That today’s global financial meltdown is the direct consequence of the West’s worship of false gods is a proposition that cannot be discussed, much less acknowledged. But as long as we rely on technical fixes to plug moral gaps, we are bound to keep lurching from frenzy to frenzy, punctuated by intervals of collapse.
LONDON – After World War I, H.G. Wells wrote that a race was on between morality and destruction. Humanity had to abandon its warlike ways, Wells said, or technology would decimate it.
Economic writing, however, conveyed a completely different world. Here technology was deservedly king. Prometheus was a benevolent monarch who scattered the fruits of progress among his people. In the economists’ world, morality should not seek to control technology, but should adapt to its demands. Only by doing so could economic growth be assured and poverty eliminated. Traditional morality faded away as technology multiplied productive power.
We have clung to this faith in technological salvation as the old faiths waned and technology became ever more inventive. Our faith in the market – for the market is the midwife of technological invention – was a result of this. In the name of this faith, we have embraced globalization, the widest possible extension of the market economy.
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In the first year of his presidency, Donald Trump has consistently sold out the blue-collar, socially conservative whites who brought him to power, while pursuing policies to enrich his fellow plutocrats.
Sooner or later, Trump's core supporters will wake up to this fact, so it is worth asking how far he might go to keep them on his side.
A Saudi prince has been revealed to be the buyer of Leonardo da Vinci's "Salvator Mundi," for which he spent $450.3 million. Had he given the money to the poor, as the subject of the painting instructed another rich man, he could have restored eyesight to nine million people, or enabled 13 million families to grow 50% more food.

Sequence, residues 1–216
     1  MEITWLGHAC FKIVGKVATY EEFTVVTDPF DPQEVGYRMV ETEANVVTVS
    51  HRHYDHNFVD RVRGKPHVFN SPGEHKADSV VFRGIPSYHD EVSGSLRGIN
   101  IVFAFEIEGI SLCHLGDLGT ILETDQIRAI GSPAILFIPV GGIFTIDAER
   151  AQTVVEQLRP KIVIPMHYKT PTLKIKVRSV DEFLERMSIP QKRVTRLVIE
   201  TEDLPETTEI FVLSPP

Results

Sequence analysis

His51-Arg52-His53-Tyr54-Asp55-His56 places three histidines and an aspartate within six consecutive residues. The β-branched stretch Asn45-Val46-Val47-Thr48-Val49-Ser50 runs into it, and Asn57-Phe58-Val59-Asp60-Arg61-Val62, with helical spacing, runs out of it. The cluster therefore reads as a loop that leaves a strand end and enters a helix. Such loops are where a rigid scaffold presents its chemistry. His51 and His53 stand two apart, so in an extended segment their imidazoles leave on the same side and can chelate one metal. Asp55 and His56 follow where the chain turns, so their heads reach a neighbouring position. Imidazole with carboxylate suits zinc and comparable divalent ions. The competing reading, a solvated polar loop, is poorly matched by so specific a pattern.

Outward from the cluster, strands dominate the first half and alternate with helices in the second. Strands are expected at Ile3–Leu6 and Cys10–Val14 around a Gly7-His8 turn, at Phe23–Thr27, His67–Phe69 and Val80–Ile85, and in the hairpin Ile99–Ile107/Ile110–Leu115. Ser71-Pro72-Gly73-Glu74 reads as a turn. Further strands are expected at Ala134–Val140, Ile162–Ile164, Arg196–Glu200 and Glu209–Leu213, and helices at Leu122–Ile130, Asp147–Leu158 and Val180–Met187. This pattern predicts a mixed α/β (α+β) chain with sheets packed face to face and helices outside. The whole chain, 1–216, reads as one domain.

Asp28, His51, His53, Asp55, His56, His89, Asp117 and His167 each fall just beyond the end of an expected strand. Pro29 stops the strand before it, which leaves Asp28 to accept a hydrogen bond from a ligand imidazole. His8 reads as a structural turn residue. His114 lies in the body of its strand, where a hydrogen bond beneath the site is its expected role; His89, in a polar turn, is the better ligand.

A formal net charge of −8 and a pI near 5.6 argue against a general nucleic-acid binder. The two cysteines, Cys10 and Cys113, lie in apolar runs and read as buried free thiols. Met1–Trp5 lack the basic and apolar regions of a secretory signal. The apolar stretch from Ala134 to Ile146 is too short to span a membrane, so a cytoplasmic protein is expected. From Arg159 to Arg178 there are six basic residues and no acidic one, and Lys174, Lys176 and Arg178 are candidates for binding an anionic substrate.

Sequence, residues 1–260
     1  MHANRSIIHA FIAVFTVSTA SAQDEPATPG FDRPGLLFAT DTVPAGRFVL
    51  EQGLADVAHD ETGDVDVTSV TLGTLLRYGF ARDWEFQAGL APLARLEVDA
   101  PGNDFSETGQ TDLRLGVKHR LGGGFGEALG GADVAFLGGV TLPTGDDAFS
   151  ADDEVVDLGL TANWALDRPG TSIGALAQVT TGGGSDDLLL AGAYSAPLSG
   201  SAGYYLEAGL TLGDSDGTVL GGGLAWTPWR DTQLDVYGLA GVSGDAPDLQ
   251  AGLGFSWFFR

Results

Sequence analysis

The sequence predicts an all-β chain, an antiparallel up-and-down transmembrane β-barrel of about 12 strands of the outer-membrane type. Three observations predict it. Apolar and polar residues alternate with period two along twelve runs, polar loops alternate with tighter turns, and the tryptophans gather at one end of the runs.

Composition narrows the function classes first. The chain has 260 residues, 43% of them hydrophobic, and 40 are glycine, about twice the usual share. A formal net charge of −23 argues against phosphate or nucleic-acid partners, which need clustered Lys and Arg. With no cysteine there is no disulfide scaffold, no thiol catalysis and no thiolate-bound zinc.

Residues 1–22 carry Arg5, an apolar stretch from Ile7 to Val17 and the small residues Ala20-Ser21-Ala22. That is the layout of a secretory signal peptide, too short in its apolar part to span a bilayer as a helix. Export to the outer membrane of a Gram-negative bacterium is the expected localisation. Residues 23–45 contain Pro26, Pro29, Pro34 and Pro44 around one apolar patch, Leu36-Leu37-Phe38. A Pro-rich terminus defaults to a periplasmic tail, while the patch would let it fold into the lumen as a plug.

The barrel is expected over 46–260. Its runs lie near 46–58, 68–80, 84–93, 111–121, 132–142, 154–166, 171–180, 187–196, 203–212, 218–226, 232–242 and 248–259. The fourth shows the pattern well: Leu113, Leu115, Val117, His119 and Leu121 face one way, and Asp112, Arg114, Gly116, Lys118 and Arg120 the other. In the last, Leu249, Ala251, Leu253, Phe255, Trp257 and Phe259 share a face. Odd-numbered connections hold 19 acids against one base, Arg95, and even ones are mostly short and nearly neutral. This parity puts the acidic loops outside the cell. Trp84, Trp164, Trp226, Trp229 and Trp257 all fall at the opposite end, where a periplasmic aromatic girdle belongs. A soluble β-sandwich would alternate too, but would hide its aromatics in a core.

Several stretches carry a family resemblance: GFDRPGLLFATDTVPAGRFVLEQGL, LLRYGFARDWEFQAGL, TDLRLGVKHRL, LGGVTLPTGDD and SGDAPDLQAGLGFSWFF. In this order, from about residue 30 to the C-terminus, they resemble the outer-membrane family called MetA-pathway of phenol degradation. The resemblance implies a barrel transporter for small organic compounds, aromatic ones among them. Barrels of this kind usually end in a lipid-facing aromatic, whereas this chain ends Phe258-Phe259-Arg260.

While many people believe that technological progress and job destruction are accelerating dramatically, there is no evidence of either trend. In reality, total factor productivity, the best summary measure of the pace of technical change, has been stagnating since 2005 in the US and across the advanced-country world.
The Bollywood film Padmavati has inspired heated debate, hysterical threats of violence, and a ban in four states governed by the ruling Bharatiya Janata Party – all before its release. The tolerance that once accompanied India’s remarkable diversity is wearing thin these days.
The Hungarian government has released the results of its "national consultation" on what it calls the "Soros Plan" to flood the country with Muslim migrants and refugees. But no such plan exists, only a taxpayer-funded propaganda campaign to help a corrupt administration deflect attention from its failure to fulfill Hungarians’ aspirations.
French President Emmanuel Macron wants European leaders to appoint a eurozone finance minister as a way to ensure the single currency's long-term viability. But would it work, and, more fundamentally, is it necessary?
The US decision to recognize Jerusalem as the capital of Israel comes in defiance of overwhelming global opposition. The message is clear: the Trump administration is determined to dictate the Israeli version of peace with the Palestinians, rather than to mediate an equitable agreement between the two sides.
The Year Ahead 2018
The world’s leading thinkers and policymakers examine what’s come apart in the past year, and anticipate what will define the year ahead.